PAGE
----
In this strangest of years, it’s astonishing to contemplate that our most sacred days are all cancelled. These markers on the calendar provide a rhythm to life even when we are not directly involved. ANZAC day is gone. Byron Bay Blues Festival for 2020 is no more. The lights of Vivid are darkened and the voices usually heard at writer’s festivals, silenced. Even the Olympics are postponed.
And at Easter, for the first time in living memory, church doors of all major denominations are firmly closed — the sanctuaries usually bustling with activity and filled to overflowing on the “Holy” weekend are silent and empty.
There were no big gatherings to recall the darkness, fear and foreboding of Good Friday — a tradition that feels especially fitting in 2020. Nor will there be the joy-filled, colour-soaked celebration of Easter Sunday, redolent as it is with the promise of new life, restored hope, and possibility.
Does any of this really matter?
In 1937, the poet W.H. Auden made his way to the republican front in the Spanish Civil War. By that stage Auden had long ago left the faith of his youth and had firmly put his trust in Marxism, human progress and the hopes of building the perfect society on earth.
But as he travelled through Spain, he couldn’t help noticing that there was no sign of life in the churches — they’d all been shut down — and he suddenly felt a great loss.
“On arriving in Barcelona, I found as I walked through the city that all the churches were closed and there was not a priest to be seen. To my astonishment, this discovery left me profoundly shocked and disturbed … I could not escape acknowledging that, however I had consciously ignored and rejected the Church for 16 years, the existence of churches and what went on in them had all the time been very important to me.”
In Auden’s case he couldn’t quite shake the sense of the significance of the things the churches represented, and his experience in Spain was the catalyst for him re-imagining his faith and eventually returning to it. That re-conversion was something of an inconvenience, contradicting the secular philosophies that he had so publicly supported. The embarrassment prompted Auden to write to T.S. Eliot and ask, “Please don’t tell anyone this”!
Crucially, the shape to that re-found faith was of a Christianity “with its sleeves rolled up”. His poem As I walked out one evening touches on something Auden came to see as elemental to faith: getting your hands dirty on behalf of others: “You shall love your crooked neighbour, with your crooked heart,” he wrote.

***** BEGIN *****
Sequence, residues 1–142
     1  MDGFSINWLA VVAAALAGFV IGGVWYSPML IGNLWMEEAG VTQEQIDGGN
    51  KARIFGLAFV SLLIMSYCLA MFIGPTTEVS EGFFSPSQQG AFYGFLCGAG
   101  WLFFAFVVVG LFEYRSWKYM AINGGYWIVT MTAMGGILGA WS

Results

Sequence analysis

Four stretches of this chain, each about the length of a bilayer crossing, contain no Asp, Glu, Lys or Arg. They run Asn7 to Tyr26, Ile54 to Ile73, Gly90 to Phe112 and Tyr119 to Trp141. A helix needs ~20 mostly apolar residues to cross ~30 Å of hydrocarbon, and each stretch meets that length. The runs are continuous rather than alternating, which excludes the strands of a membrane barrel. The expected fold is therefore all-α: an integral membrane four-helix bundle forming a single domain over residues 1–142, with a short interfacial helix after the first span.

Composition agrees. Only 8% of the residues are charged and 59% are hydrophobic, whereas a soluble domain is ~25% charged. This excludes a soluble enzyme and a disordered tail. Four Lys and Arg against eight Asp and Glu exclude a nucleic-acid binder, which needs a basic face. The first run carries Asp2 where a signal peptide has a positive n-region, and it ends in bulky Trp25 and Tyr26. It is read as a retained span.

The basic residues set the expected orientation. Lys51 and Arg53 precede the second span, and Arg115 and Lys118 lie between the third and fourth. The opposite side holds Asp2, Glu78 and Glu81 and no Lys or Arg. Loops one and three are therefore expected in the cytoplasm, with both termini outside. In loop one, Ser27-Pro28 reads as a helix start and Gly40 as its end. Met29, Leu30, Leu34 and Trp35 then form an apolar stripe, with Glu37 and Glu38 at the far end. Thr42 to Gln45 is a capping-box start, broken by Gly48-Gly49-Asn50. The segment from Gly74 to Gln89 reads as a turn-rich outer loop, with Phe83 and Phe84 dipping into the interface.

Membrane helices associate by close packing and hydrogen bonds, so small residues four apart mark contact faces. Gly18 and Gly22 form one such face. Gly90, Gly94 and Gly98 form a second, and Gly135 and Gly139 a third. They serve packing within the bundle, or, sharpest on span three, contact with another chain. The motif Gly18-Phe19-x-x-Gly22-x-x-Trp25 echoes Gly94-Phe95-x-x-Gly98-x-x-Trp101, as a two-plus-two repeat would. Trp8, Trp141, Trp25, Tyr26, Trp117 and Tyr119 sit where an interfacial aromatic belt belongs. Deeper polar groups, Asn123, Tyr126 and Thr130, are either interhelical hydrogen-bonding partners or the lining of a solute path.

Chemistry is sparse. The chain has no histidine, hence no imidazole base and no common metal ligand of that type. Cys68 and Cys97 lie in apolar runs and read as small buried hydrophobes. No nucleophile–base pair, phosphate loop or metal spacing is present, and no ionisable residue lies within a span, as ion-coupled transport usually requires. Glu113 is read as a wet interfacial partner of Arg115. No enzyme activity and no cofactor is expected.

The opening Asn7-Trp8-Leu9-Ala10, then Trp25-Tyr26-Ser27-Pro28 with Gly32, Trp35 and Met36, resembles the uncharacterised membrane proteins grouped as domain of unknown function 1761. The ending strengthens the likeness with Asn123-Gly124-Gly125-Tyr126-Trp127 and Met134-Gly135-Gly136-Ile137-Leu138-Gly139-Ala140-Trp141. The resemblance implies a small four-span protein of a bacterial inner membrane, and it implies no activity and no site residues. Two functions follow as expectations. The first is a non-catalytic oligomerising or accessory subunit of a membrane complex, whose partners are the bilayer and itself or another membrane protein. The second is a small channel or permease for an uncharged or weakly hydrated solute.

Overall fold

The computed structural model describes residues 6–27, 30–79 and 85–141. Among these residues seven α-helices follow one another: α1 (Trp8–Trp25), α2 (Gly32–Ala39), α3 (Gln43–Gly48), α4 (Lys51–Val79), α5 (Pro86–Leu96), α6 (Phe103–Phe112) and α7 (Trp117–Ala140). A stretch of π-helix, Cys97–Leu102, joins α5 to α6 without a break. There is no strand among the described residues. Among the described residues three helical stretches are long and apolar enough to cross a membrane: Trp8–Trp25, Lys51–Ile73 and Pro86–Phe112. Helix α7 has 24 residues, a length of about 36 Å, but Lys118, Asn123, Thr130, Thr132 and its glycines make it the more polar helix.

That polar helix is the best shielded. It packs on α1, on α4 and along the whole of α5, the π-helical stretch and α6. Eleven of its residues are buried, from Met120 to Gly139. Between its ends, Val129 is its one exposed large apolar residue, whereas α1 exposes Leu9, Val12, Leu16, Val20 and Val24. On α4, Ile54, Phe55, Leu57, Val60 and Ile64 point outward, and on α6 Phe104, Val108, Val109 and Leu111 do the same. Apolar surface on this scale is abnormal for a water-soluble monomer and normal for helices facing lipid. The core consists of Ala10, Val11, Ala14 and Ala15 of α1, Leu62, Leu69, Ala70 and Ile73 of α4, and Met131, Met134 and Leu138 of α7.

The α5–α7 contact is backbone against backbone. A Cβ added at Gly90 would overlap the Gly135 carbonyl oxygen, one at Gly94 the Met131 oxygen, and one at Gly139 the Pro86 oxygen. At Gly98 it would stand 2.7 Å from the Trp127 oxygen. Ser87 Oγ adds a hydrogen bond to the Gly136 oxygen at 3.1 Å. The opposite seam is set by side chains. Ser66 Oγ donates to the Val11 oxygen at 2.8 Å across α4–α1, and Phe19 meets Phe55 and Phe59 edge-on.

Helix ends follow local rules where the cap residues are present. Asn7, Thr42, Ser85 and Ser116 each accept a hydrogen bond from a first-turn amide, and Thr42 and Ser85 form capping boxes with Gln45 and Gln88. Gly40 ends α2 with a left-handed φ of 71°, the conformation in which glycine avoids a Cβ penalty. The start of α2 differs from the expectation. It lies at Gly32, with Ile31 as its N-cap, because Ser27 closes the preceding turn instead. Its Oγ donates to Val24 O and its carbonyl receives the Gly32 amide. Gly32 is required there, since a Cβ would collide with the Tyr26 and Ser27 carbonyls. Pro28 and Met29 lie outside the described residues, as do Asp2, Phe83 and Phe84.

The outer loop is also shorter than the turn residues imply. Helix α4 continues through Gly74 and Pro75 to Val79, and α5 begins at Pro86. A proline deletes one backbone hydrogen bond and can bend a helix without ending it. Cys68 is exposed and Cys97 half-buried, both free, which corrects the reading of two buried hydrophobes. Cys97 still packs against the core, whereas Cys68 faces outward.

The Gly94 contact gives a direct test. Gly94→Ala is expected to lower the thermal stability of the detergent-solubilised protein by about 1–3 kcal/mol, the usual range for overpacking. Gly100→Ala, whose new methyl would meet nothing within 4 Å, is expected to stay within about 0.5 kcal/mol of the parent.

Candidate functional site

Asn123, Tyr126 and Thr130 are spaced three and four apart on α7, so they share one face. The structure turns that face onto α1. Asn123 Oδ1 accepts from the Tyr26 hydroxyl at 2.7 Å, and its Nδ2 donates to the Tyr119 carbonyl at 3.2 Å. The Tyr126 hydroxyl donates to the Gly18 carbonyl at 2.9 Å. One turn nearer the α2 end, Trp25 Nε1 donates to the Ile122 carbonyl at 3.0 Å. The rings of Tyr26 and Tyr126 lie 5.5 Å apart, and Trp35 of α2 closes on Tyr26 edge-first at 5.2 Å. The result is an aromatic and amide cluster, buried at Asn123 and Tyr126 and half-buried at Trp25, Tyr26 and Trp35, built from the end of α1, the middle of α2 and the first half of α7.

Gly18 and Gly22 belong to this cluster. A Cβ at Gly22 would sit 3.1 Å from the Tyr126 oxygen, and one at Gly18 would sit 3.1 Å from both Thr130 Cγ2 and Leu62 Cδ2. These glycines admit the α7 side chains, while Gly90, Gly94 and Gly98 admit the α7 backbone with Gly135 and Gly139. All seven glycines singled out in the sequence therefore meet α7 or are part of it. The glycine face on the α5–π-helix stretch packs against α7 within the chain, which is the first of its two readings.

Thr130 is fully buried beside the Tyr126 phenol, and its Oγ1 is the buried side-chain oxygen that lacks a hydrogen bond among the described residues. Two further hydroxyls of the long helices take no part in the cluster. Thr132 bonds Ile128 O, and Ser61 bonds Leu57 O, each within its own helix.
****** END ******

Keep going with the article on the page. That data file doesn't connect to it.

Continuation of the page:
Today, whenever any of us see that kind of “love in action” we recognise something beautiful and admirable. Historian Tom Holland, author of Dominion: The Making of the Western Mind — and, it feels important to say, an atheist — argues that the reason any of us in the West believe it to be a virtue to seek the benefit and care of others less fortunate, particularly those not known to us, is entirely based on the Easter story that has “utterly saturated” all of our assumptions about what is good and true.
Holland explains that it is this story of the maker of the universe born into poverty and vulnerability, dying the death of a slave, “a God … closer to the weak than the mighty” — a stunning reversal — that became the bedrock of our culture’s attraction to sacrificial service of those in need.
This was the sort of faith Auden became convinced of: True greatness represented by the one who serves even to the point of death.
Auden dedicated his Good Friday poem, Friday’s Child to Dietrich Bonhoeffer, the German pastor whose opposition to the Nazis cost him his life. This was the sort of faith Auden became convinced of: True greatness represented by the one who serves even to the point of death.
And this is the heart of the Easter story, and the backdrop to many of our most cherished narratives of self-sacrifice from Dickens to Dostoyevsky; from Hemmingway and Tolkien to our own ANZAC legends. It is also the inspiration to, in our best moments, put other’s interests ahead of our own.
Videos from around the world of healthcare workers being cheered and applauded from apartment block balconies as they make the burdensome journey to hospitals and clinics where desperate patients await their help, illustrate our appreciation of those putting themselves in danger for the sake of others. Churches may be closed this Easter but those doctors, nurses and first responders are enacting the echoes of an old story, “the way of the Cross”, that still has something to teach us as we navigate our way in a strange new world.
Simon Smart is executive director of the Centre for Public Christianity and the co-host of the historical documentary For the Love of God: How the church is better and worse than you ever imagined.
This article first appeared in The Sydney Morning Herald.